Feeds

EFF appeal win reopens NSA dragnet spying case

San Francisco spying room will be investigated

Top 5 reasons to deploy VMware with Tegile

The Electric Frontier Foundation (EFF) has won its appeal to continue a case into massive warrantless wiretapping by the National Security Agency (NSA) using facilities within commercial exchanges.

The 9th US Circuit Court of Appeals ruled that the case of Jewel v NSA, which claims that after the 2001 terrorist attacks the NSA began large-scale monitoring of digital traffic, with the assistance of AT&T and others, can proceed. Mark Klein, a former AT&T engineer, claims that his employers let the NSA set up a monitoring station in the San Francisco exchange and allowed it unfettered access to client records and communications.

"Since the dragnet spying program first came to light, we have been fighting for the chance to have a court determine whether it is legal," said EFF legal director Cindy Cohn in a statement. "Today, the Ninth Circuit has given us that chance, and we look forward to proving the program is an unconstitutional and illegal violation of the rights of millions of ordinary Americans."

However, it wasn’t all smiles and sunshine. The court denied leave to continue on the EFF’s case against AT&T, for aiding and abetting the surveillance. The court upheld the 2008 Foreign Intelligence Surveillance Act (FISA) revision, voted for by the current president, which granted the telecommunications companies retroactive immunity from any actions carried out during the period.

"By passing the retroactive immunity for the telecoms' complicity in the warrantless wiretapping program, Congress abdicated its duty to the American people," said EFF senior staff attorney Kurt Opsahl. "It is disappointing that today's decision endorsed the rights of telecommunications companies over those over their customers." ®

Intelligent flash storage arrays

More from The Register

next story
Ex-US Navy fighter pilot MIT prof: Drones beat humans - I should know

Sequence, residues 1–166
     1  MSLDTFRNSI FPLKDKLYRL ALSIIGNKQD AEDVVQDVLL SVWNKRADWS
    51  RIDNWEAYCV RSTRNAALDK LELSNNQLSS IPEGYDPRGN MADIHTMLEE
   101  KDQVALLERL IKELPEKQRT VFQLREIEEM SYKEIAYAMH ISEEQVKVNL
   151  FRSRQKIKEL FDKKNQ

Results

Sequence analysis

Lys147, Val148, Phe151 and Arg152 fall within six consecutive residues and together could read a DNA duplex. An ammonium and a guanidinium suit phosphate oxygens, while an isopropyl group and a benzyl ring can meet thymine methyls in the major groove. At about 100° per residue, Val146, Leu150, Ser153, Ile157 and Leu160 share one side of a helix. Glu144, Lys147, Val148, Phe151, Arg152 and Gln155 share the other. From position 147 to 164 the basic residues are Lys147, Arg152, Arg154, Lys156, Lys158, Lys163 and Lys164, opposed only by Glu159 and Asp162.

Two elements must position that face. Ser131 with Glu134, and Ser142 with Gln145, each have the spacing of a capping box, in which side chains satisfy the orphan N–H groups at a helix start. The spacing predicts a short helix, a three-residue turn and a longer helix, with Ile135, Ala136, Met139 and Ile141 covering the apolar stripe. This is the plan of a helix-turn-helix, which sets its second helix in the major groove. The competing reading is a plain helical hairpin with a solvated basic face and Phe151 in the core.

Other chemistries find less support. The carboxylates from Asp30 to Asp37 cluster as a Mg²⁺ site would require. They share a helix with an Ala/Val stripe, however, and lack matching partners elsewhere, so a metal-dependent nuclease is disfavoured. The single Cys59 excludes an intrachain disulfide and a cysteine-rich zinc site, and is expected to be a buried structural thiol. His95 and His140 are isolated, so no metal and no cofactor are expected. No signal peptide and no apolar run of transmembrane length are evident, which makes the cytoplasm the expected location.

'Missy' Cummings on UAVs, smartcars and dying from boredom
Facebook, Apple: LADIES! Why not FREEZE your EGGS? It's on the company!
No biological clockwatching when you work in Silicon Valley
The 'fun-nification' of computer education – good idea?
Compulsory code schools, luvvies love it, but what about Maths and Physics?
Doctor Who's Flatline: Cool monsters, yes, but utterly limp subplots
We know what the Doctor does, stop going on about it already
'Cowardly, venomous trolls' threatened with TWO-YEAR sentences for menacing posts
UK government: 'Taking a stand against a baying cyber-mob'
Happiness economics is bollocks. Oh, UK.gov just adopted it? Er ...
Opportunity doesn't knock; it costs us instead
Sysadmin with EBOLA? Gartner's issued advice to debug your biz
Start hoarding cleaning supplies, analyst firm says, and assume your team will scatter
prev story

Whitepapers

Forging a new future with identity relationship management
Learn about ForgeRock's next generation IRM platform and how it is designed to empower CEOS's and enterprises to engage with consumers.
Cloud and hybrid-cloud data protection for VMware
Learn how quick and easy it is to configure backups and perform restores for VMware environments.
Three 1TB solid state scorchers up for grabs
Big SSDs can be expensive but think big and think free because you could be the lucky winner of one of three 1TB Samsung SSD 840 EVO drives that we’re giving away worth over £300 apiece.
Reg Reader Research: SaaS based Email and Office Productivity Tools
Read this Reg reader report which provides advice and guidance for SMBs towards the use of SaaS based email and Office productivity tools.
Security for virtualized datacentres
Legacy security solutions are inefficient due to the architectural differences between physical and virtual environments.